About My Book:
“How does a good girl go bad? Based on a true story, told in the author’s own words, without polish or prose, this haunting tale of addiction, family secrets, abuse, sexual misconduct, destruction, crime and…. recovery! One day at a time, one page at a time. Learn and read this remarkable and brave story.”
Welcome Recovery Friends, Seekers, and Visitors,
Today has been really hard on my heart when it comes to recovery. RELAPSE can be a mean ‘Bitch’ when she comes back around for you when you least expect it!…
Sometimes our higher power gives us the opportunity to watch and learn what relapse looks like by watching others in their struggle to recover. It’s what I have been doing now for almost 3 weeks. My good friend Sean is in trouble! And it’s so heart breaking to watch. My friend, and next door neighbor has been on a drug relapse for about that length of time. I have talked with him, tried to help him, but I know I can not make the tough choice’s for him about his addiction or recovery. It breaks my heart that all I can do is watch him crumble.
He went down to visit his parents in San Diego about 3 weeks ago. When he got back, he seemed to go into a depression. I know and understand what that type of ‘separation depression’ looks like, because I’d get that way myself after a visit with friends and family down in So. Cal. So I understood what he was feeling.
We even talked about it. I shared with him what I would go through when everyone had left, and was gone.
The same would also happen when my family came to visit me and my husband in So. Oregon, and then go home after a week or so, I would get depressed. Even though my family is a bit dysfunctional, there still family….LOL. I to would feel the separation depression, and it would hit me hard. We have no children of our own, so it was especially hard when my nephews came with my parents to visit, it would be even harder to regroup after everyone was gone and by myself and hubby again. So I noticed the same with my friend Sean. Then he also started to slack off on going to his NA meetings, RED FLAG. His son came over one day and had pot on him, and of course his son got Sean thinking that pot is not a drug…. WTF? is what I was saying in my head to myself, another RED FLAG.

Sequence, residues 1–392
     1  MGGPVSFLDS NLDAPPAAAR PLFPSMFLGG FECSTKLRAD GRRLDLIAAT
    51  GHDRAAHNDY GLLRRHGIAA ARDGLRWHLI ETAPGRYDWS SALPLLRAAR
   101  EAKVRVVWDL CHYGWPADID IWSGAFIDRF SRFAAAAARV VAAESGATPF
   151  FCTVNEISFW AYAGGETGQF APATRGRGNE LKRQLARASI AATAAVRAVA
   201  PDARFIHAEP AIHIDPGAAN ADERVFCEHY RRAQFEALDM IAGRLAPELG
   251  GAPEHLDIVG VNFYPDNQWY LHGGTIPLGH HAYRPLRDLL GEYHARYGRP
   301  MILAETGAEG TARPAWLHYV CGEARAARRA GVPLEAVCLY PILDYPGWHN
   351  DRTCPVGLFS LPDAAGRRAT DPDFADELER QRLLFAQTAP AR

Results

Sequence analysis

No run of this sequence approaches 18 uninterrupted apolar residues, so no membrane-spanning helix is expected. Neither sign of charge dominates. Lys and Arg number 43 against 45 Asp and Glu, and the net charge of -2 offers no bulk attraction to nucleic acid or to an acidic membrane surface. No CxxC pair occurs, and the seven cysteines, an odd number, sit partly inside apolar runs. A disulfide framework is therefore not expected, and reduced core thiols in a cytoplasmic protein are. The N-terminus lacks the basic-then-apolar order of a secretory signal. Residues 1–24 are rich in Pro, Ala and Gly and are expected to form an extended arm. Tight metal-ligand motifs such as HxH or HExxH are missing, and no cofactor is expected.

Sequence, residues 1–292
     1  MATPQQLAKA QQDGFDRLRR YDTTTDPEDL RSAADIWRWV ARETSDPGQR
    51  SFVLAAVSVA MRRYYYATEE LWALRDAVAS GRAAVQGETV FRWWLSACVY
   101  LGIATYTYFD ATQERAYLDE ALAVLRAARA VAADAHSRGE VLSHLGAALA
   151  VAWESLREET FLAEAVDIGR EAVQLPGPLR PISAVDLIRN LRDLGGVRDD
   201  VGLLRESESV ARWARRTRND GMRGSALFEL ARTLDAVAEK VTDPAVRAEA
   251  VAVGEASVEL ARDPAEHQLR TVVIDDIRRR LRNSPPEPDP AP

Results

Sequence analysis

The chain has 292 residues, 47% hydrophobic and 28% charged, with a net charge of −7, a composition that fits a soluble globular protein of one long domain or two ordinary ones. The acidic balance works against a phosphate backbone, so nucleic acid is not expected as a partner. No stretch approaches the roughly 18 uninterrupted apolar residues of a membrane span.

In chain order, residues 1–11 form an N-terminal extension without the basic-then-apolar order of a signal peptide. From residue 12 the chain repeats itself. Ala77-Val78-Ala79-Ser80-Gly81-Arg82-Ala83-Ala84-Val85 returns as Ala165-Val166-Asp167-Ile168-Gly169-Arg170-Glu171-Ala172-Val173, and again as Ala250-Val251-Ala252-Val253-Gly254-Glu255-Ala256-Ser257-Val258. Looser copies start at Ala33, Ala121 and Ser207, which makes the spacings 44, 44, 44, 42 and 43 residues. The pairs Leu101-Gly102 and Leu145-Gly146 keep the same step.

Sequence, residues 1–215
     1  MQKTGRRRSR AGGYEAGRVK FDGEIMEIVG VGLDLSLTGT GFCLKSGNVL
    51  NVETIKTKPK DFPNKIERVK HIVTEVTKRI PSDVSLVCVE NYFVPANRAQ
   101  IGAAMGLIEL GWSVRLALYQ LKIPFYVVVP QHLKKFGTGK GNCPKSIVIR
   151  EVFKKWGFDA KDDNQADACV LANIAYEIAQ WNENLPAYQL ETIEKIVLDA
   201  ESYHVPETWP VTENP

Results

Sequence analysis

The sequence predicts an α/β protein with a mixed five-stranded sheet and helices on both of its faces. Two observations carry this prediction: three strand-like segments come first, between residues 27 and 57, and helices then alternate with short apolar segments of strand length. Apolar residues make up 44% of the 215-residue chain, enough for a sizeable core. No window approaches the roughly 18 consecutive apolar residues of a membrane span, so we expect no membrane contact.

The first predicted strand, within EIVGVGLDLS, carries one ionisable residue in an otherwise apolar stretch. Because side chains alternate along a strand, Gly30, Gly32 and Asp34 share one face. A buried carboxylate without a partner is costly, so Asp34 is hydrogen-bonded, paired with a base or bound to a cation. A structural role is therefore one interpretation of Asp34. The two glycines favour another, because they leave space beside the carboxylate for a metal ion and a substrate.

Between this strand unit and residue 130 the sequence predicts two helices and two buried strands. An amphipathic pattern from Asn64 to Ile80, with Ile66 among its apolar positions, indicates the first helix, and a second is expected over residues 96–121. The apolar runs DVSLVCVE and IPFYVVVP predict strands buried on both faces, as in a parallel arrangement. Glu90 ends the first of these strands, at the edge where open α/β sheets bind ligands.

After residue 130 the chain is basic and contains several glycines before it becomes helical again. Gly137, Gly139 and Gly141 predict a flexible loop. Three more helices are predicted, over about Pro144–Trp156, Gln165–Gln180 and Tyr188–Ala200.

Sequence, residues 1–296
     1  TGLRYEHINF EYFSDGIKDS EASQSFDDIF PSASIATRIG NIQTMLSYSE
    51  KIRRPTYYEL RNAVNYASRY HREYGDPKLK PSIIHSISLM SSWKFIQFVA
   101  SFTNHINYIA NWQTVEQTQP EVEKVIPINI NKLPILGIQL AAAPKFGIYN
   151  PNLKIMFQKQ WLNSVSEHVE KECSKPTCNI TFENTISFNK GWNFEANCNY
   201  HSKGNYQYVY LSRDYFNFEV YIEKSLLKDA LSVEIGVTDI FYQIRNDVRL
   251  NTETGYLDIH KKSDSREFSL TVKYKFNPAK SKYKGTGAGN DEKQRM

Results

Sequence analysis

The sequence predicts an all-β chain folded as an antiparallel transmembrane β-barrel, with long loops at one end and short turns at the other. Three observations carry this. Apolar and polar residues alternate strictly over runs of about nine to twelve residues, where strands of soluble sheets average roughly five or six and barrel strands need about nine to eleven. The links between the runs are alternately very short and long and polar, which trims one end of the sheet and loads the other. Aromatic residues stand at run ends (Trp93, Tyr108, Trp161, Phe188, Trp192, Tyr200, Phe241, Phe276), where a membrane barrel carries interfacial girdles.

As we all know anything that is mood altering is a DRUG.
Sorry but, POT IS A DRUG. No amount of Medical Marijuana cards will change my mind about that! That it’s a herb, and not a drug. Yeah Right!
So, Sean started to smoke it with his son. He told me he had smoked pot. And of course we had to AGREE to DISAGREE that pot is a drug. Well my friends, one thing WILL lead to another, and he got right back on the PILL PONY EXPRESS, buying and taking Oxycontin and other pain pills! As an addict in or out of recovery? One drug WILL lead you back on the “Cycle” of addiction.
Now some of you are wondering,…. WHAT? Why didn’t you help him more?
Well, he’s an addict that’s why. Oh, I have talked to him. But as all of us addicts in recovery know, he has to make the choice to get back into rehab, or back on track with his recovery himself. I can’t do that for him. All I can do is encourage him on how well he had done the last 121 days, and to say that NO ONE can take those days away from him. That now with those 121 days clean, proves to him he can do this!
So, finally, just an hour ago, he came over and had tears in his eyes while he told me he has had enough. He was going to the hospital and then checking himself voluntarily into rehab to detox properly, and start over once again. We hugged, we cried together. I told him how proud I was of him. That the days he made, and work he’d done in those 121 days of recovery, all the meetings, all the “Celebrate Recovery” meetings too, has given him today the ‘Awareness’ of knowing he needs the professional help to recover. I know that he wouldn’t have done that otherwise.